Updated: Feb 5
Let’s talk about tulips. I’m posting this the day after Thanksgiving, which, unfortunately, is too late to start tulip bulbs here in Northern California. Yeah, I know you saw some in the nursery just last week, but I hope you didn’t buy them because you won’t have time to chill the bulbs before planting, and without chilling they won’t bloom properly. I suggest you grow tulips vicariously through me; I’ll tell you all about the tulips I've grown, including the ones we're planting this fall, and then in the spring we’ll look at the blooms and gloat over them together. Next year you’ll know all the steps and you can have real tulips of your very own.
Tulips bloom in early spring, but to do that they need some winter cold. Not freezing temperatures, but weeks and weeks of temperatures in the thirties. In climates where winter isn’t cold enough for long enough, we fool the bulbs by chilling them. For over twenty years I’ve done that every year—buying bulbs and putting them in my refrigerator in October. Every year they crowd out the Thanksgiving turkey and my family laughs at me. I try to get them planted as soon after turkey day as possible, then they get watered by our winter rains.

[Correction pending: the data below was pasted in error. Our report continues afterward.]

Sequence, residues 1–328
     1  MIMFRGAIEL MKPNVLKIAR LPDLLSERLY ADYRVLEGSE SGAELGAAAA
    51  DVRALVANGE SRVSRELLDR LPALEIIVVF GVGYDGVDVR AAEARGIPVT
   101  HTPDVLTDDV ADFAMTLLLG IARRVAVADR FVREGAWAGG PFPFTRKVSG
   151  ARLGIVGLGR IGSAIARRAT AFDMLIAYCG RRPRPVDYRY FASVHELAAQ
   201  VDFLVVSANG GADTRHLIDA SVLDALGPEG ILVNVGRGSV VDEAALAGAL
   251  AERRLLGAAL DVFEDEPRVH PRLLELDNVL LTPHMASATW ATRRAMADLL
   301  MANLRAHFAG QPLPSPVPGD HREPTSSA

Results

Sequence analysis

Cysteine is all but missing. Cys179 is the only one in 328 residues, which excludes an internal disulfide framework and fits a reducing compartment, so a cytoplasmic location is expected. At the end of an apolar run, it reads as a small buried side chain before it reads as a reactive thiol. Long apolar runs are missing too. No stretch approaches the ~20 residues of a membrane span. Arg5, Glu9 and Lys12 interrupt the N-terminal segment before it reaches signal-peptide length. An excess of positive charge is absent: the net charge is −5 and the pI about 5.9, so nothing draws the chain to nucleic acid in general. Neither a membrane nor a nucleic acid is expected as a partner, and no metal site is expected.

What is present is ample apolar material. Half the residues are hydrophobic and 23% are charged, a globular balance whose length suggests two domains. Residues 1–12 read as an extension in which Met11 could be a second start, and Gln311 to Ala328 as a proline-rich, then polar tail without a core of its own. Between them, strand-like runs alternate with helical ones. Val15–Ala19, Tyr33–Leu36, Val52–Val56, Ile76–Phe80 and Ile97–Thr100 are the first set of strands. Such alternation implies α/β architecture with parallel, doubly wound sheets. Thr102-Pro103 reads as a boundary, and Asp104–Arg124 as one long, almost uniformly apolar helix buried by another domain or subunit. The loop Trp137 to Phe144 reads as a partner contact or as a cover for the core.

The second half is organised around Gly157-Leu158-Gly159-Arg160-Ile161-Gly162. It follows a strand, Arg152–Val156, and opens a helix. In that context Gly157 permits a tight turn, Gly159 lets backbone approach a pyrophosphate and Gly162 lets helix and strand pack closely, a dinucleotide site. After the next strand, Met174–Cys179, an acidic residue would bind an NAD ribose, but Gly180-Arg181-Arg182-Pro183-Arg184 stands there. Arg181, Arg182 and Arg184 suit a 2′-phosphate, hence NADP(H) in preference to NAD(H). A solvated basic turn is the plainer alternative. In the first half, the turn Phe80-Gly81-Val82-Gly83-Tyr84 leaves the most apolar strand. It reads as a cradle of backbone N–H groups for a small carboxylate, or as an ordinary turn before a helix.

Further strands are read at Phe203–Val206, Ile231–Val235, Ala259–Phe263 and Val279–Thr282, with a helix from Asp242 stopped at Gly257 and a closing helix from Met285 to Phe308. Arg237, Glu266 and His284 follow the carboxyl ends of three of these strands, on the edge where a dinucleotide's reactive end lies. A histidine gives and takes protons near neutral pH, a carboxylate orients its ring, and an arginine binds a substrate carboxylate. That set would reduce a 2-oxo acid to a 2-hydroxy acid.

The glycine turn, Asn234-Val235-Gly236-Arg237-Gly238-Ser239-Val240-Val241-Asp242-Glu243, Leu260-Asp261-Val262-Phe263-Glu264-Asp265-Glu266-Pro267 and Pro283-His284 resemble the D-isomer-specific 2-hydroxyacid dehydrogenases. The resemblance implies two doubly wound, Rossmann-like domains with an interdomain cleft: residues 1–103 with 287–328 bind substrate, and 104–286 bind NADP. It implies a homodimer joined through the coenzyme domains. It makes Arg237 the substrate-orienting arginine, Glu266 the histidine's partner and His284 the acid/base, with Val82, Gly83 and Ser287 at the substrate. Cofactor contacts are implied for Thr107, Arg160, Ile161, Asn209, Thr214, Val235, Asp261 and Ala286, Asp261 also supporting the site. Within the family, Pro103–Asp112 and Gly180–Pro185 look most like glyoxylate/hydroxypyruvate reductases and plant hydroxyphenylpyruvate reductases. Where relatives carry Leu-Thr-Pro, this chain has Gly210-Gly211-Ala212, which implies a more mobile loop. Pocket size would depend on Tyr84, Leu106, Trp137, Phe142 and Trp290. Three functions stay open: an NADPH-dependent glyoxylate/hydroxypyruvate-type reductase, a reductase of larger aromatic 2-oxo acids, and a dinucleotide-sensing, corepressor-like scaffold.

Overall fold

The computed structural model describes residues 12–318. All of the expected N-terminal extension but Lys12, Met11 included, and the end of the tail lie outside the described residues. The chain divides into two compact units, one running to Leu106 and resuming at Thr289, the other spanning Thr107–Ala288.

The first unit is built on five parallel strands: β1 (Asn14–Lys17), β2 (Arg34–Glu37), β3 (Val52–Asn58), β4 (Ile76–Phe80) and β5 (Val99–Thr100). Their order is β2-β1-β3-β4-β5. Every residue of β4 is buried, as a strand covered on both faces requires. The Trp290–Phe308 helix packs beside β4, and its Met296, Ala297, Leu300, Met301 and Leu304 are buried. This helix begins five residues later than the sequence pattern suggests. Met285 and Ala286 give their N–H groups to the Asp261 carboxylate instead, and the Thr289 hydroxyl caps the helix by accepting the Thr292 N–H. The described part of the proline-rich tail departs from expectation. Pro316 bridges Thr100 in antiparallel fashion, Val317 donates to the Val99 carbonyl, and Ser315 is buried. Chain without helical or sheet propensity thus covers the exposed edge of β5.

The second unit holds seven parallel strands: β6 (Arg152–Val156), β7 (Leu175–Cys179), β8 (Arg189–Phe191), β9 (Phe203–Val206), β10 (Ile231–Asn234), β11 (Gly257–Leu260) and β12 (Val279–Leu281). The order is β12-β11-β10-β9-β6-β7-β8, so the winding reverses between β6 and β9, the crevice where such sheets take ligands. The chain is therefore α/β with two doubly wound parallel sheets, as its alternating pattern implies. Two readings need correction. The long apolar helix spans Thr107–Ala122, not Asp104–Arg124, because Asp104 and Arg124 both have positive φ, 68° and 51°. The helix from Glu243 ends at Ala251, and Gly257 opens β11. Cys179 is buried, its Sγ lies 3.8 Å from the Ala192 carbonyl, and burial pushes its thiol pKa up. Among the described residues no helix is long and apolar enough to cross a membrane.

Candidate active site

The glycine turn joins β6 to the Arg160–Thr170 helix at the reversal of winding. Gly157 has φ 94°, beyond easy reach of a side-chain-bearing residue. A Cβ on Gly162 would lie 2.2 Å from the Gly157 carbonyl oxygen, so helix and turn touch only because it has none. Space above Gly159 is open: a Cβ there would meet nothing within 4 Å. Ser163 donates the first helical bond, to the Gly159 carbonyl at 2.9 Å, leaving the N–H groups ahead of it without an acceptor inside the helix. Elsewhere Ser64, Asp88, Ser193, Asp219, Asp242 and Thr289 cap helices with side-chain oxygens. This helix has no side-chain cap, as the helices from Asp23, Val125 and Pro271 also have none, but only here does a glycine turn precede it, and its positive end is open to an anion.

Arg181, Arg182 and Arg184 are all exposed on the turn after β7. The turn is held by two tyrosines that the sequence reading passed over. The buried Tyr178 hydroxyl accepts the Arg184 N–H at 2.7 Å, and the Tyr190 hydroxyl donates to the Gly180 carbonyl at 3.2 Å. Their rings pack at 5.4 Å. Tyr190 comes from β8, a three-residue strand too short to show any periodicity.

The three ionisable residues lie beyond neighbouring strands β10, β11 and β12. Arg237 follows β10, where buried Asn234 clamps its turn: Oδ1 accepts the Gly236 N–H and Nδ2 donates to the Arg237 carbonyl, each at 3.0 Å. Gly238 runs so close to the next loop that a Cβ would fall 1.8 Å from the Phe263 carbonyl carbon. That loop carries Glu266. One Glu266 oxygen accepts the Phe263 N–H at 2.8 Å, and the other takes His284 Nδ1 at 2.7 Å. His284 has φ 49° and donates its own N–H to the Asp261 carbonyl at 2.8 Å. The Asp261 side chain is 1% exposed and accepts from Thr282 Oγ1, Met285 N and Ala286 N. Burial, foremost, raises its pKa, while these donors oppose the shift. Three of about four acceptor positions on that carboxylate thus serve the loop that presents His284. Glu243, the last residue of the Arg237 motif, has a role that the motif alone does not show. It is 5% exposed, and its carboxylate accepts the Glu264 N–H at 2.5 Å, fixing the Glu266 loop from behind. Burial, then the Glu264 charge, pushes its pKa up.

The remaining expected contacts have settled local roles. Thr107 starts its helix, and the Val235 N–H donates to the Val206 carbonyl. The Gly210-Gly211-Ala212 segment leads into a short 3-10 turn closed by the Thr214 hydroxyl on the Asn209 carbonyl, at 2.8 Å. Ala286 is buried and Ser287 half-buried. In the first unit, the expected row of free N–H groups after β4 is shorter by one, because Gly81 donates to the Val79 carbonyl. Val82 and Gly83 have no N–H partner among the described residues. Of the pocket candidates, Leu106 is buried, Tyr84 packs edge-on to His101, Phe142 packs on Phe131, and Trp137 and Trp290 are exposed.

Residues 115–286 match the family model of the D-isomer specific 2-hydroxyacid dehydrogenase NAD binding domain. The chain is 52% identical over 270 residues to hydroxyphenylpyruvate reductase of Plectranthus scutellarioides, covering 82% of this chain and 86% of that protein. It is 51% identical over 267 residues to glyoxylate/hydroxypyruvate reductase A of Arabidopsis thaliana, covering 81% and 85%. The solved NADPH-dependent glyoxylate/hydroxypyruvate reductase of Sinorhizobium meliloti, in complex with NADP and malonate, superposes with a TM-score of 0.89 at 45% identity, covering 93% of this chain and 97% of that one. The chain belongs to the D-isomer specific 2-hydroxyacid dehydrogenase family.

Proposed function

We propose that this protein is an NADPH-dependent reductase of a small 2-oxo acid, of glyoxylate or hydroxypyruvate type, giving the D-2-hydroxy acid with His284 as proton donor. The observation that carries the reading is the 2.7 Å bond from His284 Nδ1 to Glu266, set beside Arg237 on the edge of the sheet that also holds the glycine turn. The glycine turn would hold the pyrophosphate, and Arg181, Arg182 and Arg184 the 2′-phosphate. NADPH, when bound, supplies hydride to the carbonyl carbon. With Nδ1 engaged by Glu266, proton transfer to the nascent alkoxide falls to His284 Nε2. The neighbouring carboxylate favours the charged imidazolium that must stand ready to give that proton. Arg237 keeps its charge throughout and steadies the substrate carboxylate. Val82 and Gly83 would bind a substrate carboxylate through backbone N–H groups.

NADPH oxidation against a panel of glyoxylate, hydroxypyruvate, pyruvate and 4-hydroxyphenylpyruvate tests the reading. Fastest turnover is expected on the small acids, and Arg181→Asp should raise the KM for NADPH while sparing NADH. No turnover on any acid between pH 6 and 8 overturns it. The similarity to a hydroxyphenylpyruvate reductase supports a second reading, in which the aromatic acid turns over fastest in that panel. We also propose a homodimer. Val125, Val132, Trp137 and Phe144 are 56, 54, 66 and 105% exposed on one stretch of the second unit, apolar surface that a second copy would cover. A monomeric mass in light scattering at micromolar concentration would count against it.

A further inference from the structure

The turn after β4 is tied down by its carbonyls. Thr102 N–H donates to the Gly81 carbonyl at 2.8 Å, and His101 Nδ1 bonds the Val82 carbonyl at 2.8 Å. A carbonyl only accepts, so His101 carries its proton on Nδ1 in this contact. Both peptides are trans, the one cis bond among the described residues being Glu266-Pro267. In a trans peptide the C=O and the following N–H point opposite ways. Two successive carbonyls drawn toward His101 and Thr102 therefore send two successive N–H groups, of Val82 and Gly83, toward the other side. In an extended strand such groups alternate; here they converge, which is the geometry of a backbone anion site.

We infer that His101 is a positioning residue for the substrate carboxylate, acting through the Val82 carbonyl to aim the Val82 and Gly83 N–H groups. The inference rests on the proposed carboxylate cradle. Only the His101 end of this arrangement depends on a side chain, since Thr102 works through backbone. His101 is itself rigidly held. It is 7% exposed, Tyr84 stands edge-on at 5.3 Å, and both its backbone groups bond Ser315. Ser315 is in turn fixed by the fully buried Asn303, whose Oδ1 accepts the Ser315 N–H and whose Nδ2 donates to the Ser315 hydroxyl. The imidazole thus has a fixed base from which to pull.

Right to left: three different varieties of tulips: 'Parrot King,' 'Akebono' and 'Amazon'
This year Don and I will be growing tulips for our cut flower business, so we ordered pre-chilled tulip bulbs. Don prepped our parking-strip growing bed and dug it out to 6” deep, then we planted 1700 bulbs. You read that right—1700. Bulb numbers always sound impressive, but that’s only a 4’ x 20’ space.
We're growing five varieties for 2021: Parrot King (shown above), Belicia, Mt. Tacoma, Orca, and Blue Diamond. I’m posting photos from catalogs, but in the spring I’ll share photos of our own, in real time.
Here's a fun fact - tulips keep growing after you cut them and put them in a vase. I once filmed that process using the time-lapse setting on my phone. Below is a video of cut tulips over about an hour.